The security and access control model for application directory partitions is the same as that for other partitions in Active Directory. Normal users can access objects in an application directory partition subject to the ACLs placed on those objects. For more information, see Controlling Access to Active Directory Objects.
However, because application directory partitions can span multiple Active Directory security domains, there arises the question of how to interpret domain-relative well-known SID string constants in the defaultSecurityDescriptor of an object's schema class at the time of object creation in an application directory partition. For example, if "DA" refers to the domain administrators group, but in an application directory partition, it is not known which domain the "DA" group refers to.
To solve this problem, the crossRef object of an application directory partition has an msDS-SDReferenceDomain attribute that contains the distinguished name of the reference domain for that application directory partition. The security system uses the specified domain to interpret local domain references for default security descriptors attached to objects created in that application directory partition. The reference domain can be specified when the crossRef object for an application directory partition is created. This requires, however, that a crossRef object be pre-created for the application directory partition. If no reference domain is specified, the system automatically sets the reference domain based on one of the following conditions:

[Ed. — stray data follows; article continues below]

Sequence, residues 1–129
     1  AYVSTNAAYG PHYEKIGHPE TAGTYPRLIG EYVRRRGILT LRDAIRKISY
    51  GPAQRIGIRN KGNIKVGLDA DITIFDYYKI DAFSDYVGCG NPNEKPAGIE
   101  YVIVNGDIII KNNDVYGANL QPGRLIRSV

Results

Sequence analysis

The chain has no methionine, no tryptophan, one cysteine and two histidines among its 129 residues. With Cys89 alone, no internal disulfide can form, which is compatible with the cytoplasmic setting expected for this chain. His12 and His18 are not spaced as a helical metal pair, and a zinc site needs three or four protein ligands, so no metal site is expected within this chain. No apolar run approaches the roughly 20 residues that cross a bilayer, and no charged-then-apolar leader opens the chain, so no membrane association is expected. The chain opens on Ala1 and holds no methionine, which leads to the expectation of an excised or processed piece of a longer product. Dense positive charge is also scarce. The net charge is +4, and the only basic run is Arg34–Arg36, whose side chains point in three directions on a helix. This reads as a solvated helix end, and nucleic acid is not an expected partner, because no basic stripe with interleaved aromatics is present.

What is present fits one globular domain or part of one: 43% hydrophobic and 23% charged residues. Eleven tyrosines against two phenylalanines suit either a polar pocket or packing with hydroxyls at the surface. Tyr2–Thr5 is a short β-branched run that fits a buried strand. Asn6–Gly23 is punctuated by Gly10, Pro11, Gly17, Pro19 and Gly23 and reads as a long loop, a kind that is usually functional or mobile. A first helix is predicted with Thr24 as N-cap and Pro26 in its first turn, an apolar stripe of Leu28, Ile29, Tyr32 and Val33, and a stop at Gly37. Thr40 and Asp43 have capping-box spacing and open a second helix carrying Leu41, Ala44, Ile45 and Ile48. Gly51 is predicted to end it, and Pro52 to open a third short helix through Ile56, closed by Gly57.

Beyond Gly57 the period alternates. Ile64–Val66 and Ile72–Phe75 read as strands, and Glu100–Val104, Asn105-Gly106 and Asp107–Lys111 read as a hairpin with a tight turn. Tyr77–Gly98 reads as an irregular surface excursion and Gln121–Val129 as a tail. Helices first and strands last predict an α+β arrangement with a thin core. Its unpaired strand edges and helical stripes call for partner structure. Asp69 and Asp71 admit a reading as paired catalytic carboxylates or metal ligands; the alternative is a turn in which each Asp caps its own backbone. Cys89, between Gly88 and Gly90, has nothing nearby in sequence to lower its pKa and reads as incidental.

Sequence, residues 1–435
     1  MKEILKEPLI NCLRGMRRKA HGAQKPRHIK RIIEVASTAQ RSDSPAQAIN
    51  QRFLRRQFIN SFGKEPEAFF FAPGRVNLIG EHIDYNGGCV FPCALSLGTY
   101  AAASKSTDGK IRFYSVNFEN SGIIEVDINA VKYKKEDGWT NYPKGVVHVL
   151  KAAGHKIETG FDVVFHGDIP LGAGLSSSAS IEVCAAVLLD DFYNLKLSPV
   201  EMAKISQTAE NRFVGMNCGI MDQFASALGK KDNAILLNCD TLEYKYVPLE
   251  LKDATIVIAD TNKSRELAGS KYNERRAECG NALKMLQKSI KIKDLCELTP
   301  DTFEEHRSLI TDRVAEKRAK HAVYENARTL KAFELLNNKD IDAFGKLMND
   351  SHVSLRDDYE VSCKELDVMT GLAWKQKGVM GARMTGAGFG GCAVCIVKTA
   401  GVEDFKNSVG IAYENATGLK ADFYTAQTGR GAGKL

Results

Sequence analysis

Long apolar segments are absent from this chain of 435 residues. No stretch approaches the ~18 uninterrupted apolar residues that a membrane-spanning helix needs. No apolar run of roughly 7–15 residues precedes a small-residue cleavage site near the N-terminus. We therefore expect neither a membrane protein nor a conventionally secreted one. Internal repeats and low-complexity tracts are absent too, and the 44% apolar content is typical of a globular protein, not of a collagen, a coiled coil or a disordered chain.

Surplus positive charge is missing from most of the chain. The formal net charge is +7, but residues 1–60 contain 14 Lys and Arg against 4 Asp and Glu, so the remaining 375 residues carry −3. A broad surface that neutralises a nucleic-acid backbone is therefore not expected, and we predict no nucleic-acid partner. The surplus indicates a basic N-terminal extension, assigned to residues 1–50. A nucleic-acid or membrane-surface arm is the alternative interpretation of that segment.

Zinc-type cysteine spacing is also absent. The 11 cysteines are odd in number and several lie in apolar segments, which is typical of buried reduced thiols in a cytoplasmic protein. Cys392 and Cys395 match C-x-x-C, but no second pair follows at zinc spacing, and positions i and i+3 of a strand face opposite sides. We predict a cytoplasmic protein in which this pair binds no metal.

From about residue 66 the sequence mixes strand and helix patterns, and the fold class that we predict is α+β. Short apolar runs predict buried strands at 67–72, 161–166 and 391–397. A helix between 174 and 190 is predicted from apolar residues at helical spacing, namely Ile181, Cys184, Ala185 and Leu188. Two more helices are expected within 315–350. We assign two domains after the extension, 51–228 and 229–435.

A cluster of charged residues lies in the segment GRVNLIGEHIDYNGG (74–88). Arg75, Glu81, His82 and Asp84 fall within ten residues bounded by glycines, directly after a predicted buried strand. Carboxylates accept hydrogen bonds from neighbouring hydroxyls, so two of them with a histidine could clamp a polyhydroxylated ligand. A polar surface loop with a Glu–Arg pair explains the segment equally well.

A similar issue arises if a local group is specified in an ACL for an object in an application directory partition. In this case, the msDS-SDReferenceDomain attribute cannot be used to interpret the reference domain for a local group. To avoid this problem, local groups should not be used in the ACLs of application directory partition objects.